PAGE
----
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TOP Tips for Restoring a Classic Car


If you’re thinking about restoring a classic car, but aren’t sure where to start, we can help. There are a lot of factors to consider before starting your project, and we’re giving you some tips on what to take into consideration.

Research the classic car you want to buy

Restorating a car requires an immense amount of patience, as well as plenty of research aimed at assessing the car’s condition. Before you decide to buy a classic car, make sure you’ve researched its common problems and the availability of parts for it. The last thing you want is to get stuck with a car that you can’t find parts for. If you’re still undecided, you can find a lot of classic cars on Salvagebid to start your search. There are a good deal of viable project cars ranging from powerful American muscle cars to V12-equipped Jaguars

Carefully inspect the condition of the chosen car

Once you’ve chosen a vintage car, inspect it carefully and assess its overall condition. On Salvagebid you can find classic cars in good condition, like this 1959 Edsel Corsair

Buy 1959 Edsel Corsair

Cars like this typically do not need heavy investment in its restoration and are a good choice for vintage car scouts. Often, classic cars are found in a significantly worse state, and despite a lower initial investment, they require extensive repairs. Either way, conducting a thorough inspection of the vehicle before the purchase can help you get a better idea of how long the project will take to complete.

Figure out a budget for your project

Be prepared: any type of restoration can be expensive even if the car is in pretty nice condition. Your restoration needs a place where your vehicle will be sheltered from the elements. You’ll need to have the appropriate skills or a drive to learn how to work on a car, a timeframe set for the restoration project and, an accurate figure for how much you’ll have to spend for the entire project.

The financial point depends mainly on two key factors: how rare the car is, and what condition you bought it in.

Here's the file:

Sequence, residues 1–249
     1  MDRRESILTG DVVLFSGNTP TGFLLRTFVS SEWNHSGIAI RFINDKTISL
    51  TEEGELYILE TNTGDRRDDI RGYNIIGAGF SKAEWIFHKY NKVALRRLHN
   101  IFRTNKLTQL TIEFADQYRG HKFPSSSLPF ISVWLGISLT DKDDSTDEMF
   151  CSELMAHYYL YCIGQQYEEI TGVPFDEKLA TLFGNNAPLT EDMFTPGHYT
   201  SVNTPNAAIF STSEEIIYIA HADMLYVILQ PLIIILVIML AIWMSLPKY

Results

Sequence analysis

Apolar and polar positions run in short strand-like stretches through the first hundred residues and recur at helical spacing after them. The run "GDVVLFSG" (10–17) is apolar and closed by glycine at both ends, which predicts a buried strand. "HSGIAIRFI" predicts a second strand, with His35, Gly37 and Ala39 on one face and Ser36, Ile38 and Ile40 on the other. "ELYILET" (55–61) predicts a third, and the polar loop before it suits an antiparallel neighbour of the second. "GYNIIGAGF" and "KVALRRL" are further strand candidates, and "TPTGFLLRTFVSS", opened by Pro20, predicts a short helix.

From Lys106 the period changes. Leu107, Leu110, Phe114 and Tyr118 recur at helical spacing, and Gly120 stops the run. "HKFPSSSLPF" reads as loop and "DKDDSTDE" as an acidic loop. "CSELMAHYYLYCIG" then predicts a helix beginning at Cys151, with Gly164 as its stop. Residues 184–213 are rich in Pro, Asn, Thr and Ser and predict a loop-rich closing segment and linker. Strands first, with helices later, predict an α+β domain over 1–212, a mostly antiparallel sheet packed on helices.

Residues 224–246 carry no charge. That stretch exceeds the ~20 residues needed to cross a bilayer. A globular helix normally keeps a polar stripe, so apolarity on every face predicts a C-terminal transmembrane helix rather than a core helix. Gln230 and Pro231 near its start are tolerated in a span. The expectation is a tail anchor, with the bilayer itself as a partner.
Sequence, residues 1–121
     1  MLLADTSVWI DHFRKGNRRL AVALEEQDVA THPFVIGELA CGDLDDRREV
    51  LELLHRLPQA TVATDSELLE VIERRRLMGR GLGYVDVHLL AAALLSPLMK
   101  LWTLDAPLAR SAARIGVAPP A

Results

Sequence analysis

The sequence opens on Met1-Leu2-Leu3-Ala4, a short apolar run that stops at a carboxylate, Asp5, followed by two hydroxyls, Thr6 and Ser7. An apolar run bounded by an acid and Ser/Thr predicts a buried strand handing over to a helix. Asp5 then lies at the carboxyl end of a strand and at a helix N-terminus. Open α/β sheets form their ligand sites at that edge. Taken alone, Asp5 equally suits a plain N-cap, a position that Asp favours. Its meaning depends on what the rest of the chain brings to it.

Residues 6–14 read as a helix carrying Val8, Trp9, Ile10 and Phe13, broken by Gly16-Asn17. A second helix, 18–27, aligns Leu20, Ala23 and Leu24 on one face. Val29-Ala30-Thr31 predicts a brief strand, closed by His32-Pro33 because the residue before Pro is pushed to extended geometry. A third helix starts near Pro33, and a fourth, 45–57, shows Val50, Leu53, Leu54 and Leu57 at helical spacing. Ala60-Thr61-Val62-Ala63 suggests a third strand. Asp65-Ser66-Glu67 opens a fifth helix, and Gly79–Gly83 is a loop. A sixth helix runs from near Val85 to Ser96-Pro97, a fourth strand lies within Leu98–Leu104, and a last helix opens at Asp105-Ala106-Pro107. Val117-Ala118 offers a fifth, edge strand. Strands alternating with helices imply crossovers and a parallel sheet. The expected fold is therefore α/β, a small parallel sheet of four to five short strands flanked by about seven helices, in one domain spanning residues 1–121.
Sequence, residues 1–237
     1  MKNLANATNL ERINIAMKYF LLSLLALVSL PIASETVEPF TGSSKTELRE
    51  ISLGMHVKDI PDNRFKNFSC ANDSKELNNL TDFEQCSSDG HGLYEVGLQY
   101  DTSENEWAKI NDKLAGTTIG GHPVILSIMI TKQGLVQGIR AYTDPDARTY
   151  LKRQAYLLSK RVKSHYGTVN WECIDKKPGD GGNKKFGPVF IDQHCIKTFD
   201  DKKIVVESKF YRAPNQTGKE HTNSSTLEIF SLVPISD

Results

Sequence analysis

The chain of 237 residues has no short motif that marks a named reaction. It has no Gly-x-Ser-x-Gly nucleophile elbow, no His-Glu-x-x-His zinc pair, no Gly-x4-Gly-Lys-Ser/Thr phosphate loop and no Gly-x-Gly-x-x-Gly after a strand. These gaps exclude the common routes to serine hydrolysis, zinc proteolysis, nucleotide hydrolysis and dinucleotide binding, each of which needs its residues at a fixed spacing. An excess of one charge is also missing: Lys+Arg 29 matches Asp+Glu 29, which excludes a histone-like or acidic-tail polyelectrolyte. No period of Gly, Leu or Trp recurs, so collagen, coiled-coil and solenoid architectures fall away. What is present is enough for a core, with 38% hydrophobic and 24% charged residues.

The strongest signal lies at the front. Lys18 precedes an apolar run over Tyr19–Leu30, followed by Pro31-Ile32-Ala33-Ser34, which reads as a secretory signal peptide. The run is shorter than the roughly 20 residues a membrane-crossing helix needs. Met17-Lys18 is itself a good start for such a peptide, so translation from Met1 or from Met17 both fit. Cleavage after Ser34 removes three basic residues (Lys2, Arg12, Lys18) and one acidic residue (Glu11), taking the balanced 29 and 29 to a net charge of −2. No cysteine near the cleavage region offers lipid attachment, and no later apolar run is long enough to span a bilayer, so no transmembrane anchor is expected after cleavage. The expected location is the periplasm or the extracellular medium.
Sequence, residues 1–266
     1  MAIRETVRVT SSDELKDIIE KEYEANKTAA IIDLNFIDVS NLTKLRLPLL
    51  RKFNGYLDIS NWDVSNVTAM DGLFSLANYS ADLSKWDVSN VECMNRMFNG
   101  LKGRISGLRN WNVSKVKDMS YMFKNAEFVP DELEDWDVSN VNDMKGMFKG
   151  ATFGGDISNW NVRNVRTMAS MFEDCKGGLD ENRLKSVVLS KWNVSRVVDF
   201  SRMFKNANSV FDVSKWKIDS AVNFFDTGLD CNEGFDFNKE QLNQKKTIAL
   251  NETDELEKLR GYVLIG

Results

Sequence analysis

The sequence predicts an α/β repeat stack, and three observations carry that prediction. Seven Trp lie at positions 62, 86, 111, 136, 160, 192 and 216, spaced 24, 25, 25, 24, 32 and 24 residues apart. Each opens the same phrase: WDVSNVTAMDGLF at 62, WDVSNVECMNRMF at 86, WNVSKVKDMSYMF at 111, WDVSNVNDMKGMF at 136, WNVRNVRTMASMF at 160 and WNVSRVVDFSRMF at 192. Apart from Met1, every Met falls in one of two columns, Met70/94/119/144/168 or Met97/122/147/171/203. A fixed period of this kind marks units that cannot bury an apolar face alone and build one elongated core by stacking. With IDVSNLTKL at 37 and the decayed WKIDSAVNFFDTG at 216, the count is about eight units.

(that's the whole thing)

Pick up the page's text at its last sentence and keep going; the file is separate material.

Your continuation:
If your aim is to restore it to the factory condition, you’ll need to be sure that parts are available. If you’re buying a vehicle to modify it from its original state, you may actually end up spending less. 

Find parts for the car you are going to restore

Keep in mind that finding spare parts for domestic cars is easier than for European makes. Salvagebid has a wide variety of cars with parts only titles, that make it easy to find parts for older Corvettes, for example. If you’re looking for an American muscle car to start with, take a look at this 1969 Chevrolet Corvette.

Buy old Chevrolet Corvette Stingray

Set a goal for your restoration and stick to it

There are 4 major types of vintage car restoration:

  • driver’s restoration,
  • street show,
  • show car,
  • concourse restoration.

The driver’s restoration entails repairing significant body damage and mechanical issues to bring the car back to working order. The street show variety is a little more involved, in which the car is brought back to running condition with an emphasis on its appearance. For show car level restorations, you may need to seek professional help, as the goal is having a vehicle as close to factory-standard as possible. Concourse restoration is the most expensive and is typically used to bring classic cars back to mint condition for the purpose of a private collection. In general, the driver’s and street show variants are the most popular.

We have many clean title classic cars available.

Buy Clear Title Ford Thunderbird

This Thunderbird is also waiting for its new owner

A final tip from Salvagebid team

Vintage cars have always been attractive due to their design and place in automotive history. If you have a strong desire to repair an antique vehicle but haven’t picked which one, we have options like this Lincoln Mark III and other classic cars going up for auction. Keep an eye out on Salvagebid, we may be able to help you find the project car of your dreams.

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